Who gets credit still a Nobel issue

Process: In an age of collaborative discoveries, questions of fairness are raised. But it's part of the history of the prizes.

October 12, 2003|By Michael Stroh and Scott Shane | Michael Stroh and Scott Shane,SUN STAFF

A few hours after he won a Nobel Prize Thursday, Dr. Peter Agre stepped up to a microphone at the Johns Hopkins School of Medicine and made a startling announcement to the audience of journalists and well-wishers: "I didn't do this work."

Agre said he didn't deserve all the credit for his path-breaking discovery of aquaporins, proteins that regulate the flow of water in all living cells. The real work, he stressed, was done by the young researchers in his laboratory who put in long hours each day. "I made the coffee and sharpened the pencils," he said.

Few of Agre's colleagues were conned by the Midwesterner's humility: Even the 54-year-old researcher's scientific rivals agree that he earned the honor. But Agre's remarks last week touched on a sore point among scientists about the Nobel: In an age when most breakthroughs emerge from the joint effort of dozens or more people over many years, who should get credit?

On the day that Agre spoke to reporters about winning the chemistry prize, a full-page ad appeared in The Washington Post claiming that the Nobel judges who awarded the medicine prize to two scientists for the development of magnetic resonance imaging had improperly excluded a pioneer in the field.

"The Nobel Committee has exhibited a wanton disregard for the truth," said Dr. Raymond Damadian, a Long Island physician and entrepreneur who has been credited with helping discover the imaging technology. He placed the $80,000 ad to lobby for Nobel recognition. "If I had never been born," he said, "MRI would not exist today."

Controversy and questions of fairness have swirled around the Nobel since Swedish dynamite inventor Alfred Nobel first established the awards. Nobel, who died from a stroke in 1896, wrote in his will that his $9 million estate was to endow five awards - physics, chemistry, medicine, literature and peace - to recognize people who "rendered the greatest service to mankind." (The prize for economics wasn't added until 1968.)

As specified in Nobel's will, the Royal Swedish Academy of Sciences in Stockholm would select the winners of the chemistry and physics prizes, while the Karolinska Institute chose the winner in medicine. Later rules limited the winners in any category to three individuals.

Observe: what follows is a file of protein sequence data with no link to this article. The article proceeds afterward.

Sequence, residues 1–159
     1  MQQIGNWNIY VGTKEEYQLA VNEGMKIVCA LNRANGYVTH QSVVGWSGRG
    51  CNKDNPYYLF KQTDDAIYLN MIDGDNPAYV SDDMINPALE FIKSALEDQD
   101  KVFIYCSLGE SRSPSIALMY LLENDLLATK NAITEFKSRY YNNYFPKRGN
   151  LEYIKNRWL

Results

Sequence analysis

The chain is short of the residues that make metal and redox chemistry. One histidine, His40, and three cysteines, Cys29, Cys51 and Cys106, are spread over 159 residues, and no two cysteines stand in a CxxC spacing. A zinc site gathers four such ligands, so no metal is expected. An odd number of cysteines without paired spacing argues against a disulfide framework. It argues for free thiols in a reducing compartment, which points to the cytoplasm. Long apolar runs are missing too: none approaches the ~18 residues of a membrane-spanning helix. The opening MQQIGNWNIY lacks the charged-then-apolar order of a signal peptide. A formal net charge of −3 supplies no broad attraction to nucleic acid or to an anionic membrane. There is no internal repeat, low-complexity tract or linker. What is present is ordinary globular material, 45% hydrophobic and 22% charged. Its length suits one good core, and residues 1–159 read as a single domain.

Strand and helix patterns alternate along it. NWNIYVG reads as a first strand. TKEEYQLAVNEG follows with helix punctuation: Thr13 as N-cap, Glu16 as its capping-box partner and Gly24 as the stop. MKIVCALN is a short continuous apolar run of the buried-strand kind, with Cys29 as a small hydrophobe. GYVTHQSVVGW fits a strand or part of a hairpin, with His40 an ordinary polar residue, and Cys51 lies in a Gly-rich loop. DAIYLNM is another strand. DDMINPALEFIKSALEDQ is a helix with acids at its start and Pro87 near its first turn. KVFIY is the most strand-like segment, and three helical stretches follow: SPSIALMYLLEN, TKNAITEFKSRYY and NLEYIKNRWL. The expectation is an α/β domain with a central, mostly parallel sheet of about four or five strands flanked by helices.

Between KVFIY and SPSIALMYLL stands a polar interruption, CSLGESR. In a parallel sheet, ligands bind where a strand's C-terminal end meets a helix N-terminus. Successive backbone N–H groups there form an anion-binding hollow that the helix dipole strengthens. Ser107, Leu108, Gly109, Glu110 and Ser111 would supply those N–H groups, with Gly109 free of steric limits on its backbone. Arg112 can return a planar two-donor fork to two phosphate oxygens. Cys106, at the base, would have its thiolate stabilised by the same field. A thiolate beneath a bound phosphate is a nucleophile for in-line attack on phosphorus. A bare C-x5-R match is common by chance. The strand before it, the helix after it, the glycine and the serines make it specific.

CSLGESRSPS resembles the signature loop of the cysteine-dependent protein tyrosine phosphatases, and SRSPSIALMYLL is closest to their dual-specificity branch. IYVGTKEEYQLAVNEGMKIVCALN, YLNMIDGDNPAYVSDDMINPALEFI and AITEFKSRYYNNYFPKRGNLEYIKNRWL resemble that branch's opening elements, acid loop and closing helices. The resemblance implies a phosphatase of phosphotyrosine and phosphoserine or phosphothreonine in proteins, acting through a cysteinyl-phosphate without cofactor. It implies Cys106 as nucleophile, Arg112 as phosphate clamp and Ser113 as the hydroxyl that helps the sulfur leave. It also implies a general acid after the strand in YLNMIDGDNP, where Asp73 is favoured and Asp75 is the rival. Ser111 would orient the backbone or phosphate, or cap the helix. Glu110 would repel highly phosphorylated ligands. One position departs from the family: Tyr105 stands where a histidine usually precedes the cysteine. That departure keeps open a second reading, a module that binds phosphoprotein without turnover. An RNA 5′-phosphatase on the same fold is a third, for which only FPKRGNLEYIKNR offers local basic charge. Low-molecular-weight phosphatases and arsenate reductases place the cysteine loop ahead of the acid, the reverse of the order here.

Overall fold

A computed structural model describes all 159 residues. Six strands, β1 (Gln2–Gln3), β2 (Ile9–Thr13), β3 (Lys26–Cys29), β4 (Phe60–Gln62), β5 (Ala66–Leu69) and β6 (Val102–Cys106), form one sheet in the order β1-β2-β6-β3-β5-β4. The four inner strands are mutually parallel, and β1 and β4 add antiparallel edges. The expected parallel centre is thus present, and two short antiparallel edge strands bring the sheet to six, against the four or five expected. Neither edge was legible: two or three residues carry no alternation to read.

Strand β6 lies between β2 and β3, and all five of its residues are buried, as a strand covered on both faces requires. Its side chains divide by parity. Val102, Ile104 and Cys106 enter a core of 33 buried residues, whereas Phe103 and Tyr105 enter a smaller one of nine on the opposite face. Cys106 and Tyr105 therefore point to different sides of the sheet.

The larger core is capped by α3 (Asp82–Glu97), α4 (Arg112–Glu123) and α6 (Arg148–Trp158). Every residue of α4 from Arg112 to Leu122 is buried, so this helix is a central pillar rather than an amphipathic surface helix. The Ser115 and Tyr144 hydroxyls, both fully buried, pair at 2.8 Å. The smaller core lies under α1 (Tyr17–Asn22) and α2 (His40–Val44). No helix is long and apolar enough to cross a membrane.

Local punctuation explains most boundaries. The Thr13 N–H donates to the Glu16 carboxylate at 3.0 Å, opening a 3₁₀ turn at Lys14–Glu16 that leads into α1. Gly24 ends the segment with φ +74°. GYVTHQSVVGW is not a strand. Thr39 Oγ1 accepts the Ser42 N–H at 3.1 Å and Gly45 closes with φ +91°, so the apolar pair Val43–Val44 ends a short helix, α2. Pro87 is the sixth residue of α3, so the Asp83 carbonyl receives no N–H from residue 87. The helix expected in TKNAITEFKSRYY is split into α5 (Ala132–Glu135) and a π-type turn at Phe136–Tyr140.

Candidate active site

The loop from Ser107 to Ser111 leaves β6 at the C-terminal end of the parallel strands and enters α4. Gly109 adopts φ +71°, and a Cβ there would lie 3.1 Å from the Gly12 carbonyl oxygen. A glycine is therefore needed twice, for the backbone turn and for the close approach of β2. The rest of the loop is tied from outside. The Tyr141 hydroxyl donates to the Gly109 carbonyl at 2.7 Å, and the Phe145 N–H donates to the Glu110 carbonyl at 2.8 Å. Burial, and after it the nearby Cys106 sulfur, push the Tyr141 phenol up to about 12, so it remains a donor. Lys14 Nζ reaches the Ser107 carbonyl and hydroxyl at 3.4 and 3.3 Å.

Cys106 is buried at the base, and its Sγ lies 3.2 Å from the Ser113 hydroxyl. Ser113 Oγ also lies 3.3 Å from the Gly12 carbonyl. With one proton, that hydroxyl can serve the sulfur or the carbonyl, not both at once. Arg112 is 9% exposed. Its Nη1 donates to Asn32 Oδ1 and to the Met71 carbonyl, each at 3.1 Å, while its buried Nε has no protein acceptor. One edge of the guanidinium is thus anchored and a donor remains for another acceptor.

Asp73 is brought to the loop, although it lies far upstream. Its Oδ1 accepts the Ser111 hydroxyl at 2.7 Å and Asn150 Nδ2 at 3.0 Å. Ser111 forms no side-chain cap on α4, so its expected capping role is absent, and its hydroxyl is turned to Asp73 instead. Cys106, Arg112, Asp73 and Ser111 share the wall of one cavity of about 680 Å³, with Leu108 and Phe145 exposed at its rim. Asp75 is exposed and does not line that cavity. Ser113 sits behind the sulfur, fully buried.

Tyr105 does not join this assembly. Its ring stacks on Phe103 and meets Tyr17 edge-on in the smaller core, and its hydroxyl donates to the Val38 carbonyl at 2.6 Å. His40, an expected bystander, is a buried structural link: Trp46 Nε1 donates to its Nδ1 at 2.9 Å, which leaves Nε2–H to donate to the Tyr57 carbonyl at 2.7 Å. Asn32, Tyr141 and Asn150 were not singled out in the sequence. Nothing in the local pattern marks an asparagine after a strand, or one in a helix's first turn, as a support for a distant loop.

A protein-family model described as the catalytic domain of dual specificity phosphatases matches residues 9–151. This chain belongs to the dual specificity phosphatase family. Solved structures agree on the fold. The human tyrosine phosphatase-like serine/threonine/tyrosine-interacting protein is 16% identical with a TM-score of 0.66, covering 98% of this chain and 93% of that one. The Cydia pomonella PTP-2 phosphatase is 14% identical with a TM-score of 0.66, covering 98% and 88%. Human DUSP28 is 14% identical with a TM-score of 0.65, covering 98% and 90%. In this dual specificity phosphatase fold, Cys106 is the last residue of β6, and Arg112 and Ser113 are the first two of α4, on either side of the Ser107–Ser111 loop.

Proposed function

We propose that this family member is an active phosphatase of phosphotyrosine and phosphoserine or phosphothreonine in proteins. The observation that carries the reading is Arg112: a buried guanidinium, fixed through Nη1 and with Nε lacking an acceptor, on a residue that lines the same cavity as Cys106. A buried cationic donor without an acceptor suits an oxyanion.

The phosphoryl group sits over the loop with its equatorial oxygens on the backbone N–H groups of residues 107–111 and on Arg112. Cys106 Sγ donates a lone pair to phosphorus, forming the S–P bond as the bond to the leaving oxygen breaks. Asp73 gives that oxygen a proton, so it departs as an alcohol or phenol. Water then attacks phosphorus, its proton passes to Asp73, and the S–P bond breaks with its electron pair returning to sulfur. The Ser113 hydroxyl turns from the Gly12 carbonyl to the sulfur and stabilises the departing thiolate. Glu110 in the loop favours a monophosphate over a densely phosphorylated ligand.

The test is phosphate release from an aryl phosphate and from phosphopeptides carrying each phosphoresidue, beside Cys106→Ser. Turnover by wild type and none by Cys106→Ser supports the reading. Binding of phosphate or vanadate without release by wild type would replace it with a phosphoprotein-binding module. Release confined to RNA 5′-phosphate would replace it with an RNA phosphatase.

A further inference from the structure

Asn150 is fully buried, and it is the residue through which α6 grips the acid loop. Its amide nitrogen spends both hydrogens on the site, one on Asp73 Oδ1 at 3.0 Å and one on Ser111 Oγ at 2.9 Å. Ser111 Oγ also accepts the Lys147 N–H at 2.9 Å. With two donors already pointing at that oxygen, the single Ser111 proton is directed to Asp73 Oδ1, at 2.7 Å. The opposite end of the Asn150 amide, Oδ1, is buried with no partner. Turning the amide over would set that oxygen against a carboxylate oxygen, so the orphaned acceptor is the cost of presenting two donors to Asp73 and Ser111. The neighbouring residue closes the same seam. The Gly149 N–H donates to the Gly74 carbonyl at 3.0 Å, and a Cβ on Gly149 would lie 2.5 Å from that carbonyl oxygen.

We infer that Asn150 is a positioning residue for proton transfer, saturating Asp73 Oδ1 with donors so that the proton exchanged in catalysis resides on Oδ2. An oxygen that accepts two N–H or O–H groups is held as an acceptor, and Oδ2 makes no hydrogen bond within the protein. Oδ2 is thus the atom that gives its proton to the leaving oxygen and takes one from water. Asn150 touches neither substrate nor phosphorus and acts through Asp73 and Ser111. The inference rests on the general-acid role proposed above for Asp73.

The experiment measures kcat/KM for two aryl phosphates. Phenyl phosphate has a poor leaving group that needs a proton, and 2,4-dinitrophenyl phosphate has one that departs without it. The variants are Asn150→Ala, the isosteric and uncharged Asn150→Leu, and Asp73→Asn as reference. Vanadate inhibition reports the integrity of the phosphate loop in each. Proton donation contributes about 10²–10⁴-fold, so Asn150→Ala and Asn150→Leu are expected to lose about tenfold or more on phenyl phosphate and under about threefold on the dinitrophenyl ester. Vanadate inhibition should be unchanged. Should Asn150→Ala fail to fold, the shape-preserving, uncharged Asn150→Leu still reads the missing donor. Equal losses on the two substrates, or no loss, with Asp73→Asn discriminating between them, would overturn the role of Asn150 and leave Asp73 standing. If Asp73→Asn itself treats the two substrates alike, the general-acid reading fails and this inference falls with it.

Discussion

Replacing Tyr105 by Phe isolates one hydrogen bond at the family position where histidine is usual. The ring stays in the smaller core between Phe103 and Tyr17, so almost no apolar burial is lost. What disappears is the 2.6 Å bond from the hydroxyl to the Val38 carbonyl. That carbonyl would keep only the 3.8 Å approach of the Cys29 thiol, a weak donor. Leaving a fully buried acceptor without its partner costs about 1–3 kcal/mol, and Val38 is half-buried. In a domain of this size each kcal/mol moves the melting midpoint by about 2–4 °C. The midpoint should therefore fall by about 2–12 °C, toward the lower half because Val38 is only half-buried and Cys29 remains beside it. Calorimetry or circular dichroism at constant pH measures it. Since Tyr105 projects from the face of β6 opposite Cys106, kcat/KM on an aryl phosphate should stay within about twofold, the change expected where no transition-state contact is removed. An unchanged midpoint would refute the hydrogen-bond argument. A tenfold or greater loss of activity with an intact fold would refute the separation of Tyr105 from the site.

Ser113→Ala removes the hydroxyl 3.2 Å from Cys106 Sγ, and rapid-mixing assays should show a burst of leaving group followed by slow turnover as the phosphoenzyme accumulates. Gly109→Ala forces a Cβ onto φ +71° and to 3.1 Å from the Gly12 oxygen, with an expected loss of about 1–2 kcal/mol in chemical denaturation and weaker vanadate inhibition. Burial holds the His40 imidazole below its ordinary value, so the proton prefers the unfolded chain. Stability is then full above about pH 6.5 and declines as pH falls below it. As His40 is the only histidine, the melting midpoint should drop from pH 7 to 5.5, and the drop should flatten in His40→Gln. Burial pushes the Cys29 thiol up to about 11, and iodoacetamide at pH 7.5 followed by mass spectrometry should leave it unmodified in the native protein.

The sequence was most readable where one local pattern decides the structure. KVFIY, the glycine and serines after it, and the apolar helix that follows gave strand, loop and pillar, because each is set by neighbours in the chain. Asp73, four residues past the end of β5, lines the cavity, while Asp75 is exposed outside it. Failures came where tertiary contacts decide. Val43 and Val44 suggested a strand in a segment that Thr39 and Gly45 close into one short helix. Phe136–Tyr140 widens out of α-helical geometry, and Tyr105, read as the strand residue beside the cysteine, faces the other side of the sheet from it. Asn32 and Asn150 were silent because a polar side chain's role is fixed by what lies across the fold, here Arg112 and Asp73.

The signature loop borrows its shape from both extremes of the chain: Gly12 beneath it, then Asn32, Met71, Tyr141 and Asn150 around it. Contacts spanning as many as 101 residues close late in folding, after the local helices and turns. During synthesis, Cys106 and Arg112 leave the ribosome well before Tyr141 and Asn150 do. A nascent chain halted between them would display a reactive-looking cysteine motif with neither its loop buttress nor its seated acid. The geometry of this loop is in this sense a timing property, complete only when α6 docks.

Thanks to international news coverage and a monetary award even then worth more than 30 times what a scientist typically earned, the Nobels rapidly grew in influence after the first were given out in 1901.

"The public and the scientific institutions bought into the cult of the prize very quickly," said Robert Marc Friedman, author of Politics of Excellence: Behind the Nobel Prize in Science, a 2002 history of the award.

By 1906, Cosmopolitan magazine declared: "The history of modern science might be written without going outside the names of the Nobel prizes."

As scholars would later discover when the Nobel Foundation in Stockholm partially opened its archives in 1974, the issue of credit has been an issue from the prize's earliest days.

Elisabeth Crawford, a sociologist and historian of science who studied how judges arrived at their decisions between 1901 and 1950, found that Marie Curie would not have shared the 1903 physics prize for the discovery of radioactivity if her husband, Pierre, hadn't refused to accept the award without her. Historians argue that the 1952 medicine prize for discovering the antibiotic streptomycin failed to include Albert Schatz, a graduate student working for the scientist who received the award.

And sometimes, the judges honored scientists whose contributions have been questionable. John J.R. Macleod, for example, was awarded the 1923 medicine prize with Frederick Banting for the discovery of insulin - though Macleod was on vacation when the discovery was made, Crawford said.

Maurice Wilkins, who shared the 1962 prize in medicine with James Watson and Francis Crick for the discovery of the structure of DNA, is now thought by some historians to have played less of a role than other scientists.

The judges haven't always identified the most worthy science. In the past, for example, the Nobel went to researchers who developed the lobotomy and the pesticide DDT, both now widely discredited. The Nobel vaults also reveal that some who perhaps deserved the prize never got it. Among the famous nominated losers: Thomas Edison, Sigmund Freud, the Wright brothers and astronomer George Hale, whose observations provided evidence for the expansion of the universe.

The most unlucky candidate, however, was Arnold Sommerfeld, a brilliant 20th-century German physicist who received 81 nominations over five decades. He was run over by a car in 1951.

Politics clearly plays a role. Crawford, for example, found that a stubborn judge held up Albert Einstein's Nobel for years because of a prejudice against theoretical physics. When Einstein finally won the physics prize in 1923, it wasn't for his groundbreaking relativity theory but his less earth-shaking law of the photoelectric effect.

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